thank you - the book gives me a headache and we havent covered it fully in class
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    (Original post by IGotAQuestion)
    Can anyone please explain nerve impulses to me? At the beginning of topic 8 !

    thank you - the book gives me a headache and we havent covered it fully in class
    can you be a bit more specific? thats a broad topic!

    is it the resting membrane potential? the generation of action potential? or the propagation of the nerve impulse?
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    (Original post by chemdweeb1234)
    can you be a bit more specific? thats a broad topic!

    is it the resting membrane potential? the generation of action potential? or the propagation of the nerve impulse?
    202 to 203 and 206 to 208

    the wording just sends me in a daze - please dont feel obliged to do it all lol

    just the crossing of ions and AP, RP on page 202 will be great -
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    (Original post by IGotAQuestion)
    202 to 203 and 206 to 208

    the wording just sends me in a daze - please dont feel obliged to do it all lol

    just the crossing of ions and AP, RP on page 202 will be great -
    Well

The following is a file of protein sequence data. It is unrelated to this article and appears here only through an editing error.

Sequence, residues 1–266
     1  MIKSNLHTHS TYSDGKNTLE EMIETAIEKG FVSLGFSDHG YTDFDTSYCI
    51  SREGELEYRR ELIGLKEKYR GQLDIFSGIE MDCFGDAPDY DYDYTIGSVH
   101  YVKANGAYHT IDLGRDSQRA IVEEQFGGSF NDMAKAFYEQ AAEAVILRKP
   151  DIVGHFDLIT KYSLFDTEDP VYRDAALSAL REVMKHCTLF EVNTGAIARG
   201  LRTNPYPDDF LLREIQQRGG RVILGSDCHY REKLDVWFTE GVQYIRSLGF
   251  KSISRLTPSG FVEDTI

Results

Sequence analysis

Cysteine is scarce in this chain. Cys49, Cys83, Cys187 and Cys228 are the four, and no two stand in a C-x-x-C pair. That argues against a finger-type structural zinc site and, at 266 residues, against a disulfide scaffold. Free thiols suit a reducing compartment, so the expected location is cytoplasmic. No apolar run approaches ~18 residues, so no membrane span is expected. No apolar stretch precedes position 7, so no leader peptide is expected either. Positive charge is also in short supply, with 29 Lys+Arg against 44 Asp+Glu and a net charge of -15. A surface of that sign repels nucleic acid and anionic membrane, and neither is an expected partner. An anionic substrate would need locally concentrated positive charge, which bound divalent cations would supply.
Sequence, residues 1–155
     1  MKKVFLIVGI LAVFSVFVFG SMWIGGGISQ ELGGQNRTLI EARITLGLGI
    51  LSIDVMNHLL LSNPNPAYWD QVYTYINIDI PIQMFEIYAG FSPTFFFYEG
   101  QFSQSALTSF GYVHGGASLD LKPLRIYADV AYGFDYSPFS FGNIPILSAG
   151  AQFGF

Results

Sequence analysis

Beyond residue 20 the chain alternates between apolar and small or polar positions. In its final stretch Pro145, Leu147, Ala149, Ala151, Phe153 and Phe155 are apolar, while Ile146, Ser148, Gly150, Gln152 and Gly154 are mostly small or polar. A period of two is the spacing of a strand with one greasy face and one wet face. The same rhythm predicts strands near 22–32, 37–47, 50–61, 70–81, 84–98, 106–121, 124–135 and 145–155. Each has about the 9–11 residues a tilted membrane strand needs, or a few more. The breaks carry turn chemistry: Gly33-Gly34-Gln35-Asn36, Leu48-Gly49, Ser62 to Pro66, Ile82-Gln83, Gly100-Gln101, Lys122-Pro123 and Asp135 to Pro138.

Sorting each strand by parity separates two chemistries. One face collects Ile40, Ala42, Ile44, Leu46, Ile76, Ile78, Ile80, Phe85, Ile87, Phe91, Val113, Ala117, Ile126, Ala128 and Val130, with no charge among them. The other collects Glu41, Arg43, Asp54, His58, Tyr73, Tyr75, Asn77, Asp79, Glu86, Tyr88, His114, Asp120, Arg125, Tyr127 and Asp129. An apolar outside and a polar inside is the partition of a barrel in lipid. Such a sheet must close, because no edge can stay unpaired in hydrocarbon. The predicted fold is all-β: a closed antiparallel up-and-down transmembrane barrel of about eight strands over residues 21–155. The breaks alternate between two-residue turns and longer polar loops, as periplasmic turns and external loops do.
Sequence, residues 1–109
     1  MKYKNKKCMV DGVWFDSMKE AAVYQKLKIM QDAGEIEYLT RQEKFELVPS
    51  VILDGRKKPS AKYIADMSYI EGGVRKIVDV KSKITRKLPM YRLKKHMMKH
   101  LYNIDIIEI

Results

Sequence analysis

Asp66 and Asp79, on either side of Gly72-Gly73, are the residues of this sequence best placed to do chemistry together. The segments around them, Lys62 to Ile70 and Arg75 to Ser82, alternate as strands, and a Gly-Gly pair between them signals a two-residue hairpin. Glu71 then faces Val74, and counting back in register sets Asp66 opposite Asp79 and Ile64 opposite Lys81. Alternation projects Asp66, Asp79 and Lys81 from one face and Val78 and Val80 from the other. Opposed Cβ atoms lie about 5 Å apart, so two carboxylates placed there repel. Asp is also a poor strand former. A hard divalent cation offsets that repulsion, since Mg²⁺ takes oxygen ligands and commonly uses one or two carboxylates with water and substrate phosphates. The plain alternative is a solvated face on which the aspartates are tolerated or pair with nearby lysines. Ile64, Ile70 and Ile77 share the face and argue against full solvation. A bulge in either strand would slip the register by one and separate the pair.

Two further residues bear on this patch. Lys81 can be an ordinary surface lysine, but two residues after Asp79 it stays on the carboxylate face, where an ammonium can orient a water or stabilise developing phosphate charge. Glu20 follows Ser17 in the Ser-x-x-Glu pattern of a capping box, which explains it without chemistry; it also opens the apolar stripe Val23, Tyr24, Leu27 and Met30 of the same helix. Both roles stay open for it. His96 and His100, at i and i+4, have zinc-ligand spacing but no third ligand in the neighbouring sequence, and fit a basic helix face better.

I'll start with the resting membrane potential

    RESTING MEMBRANE POTENTIAL
    A neurone that is not conducting an impulse is said to be at rest. However, this is slightly wrong because the neurone is not "actually resting". It is actively maintaining a potential difference across it...(actively meaning by the use of ATP)

    so the key points for when the membrane is at rest:

    1) there are MORE sodium ions outside neurone than inside
    2) there are MORE potassium ions inside neurone than outside
    3) there are also negative proteins and chloride ions inside the neurone
    4) this causes the inside to be negative with respect to the outside
    5) There is a potential difference across the membrane... this is said as "the membrane is polarised"
    6) this potential difference is maintained because of the uneven distribution of ions across the membrane... which is maintained by the Na/K pump
    7) This, consequently depends on the PERMEABILITY of the membrane to ions
    8) At rest, the membrane is permeable to potassium ions and impermeable to sodium ions...
    9) The Na/K pump actively pumps out 3 Na ions and brings in 2 K ions against their concentration gradients...
    10) Since the membrane is more permeable to K, these can move back out down their concentration gradient through Potassium Ion Channels
    11) Some potassium will also be attracted back into the neurone (to balance the charge)... this is said as the K ions move down the electrochemical gradient...
    12) Eventually, a dynamic equilibrium is reached between the conc. gradient and electrochemical gradients...

    When this equilibrium is reached... the potential difference is -70mV ... and it stays like that because the dynamic equilibrium means no net movement of ions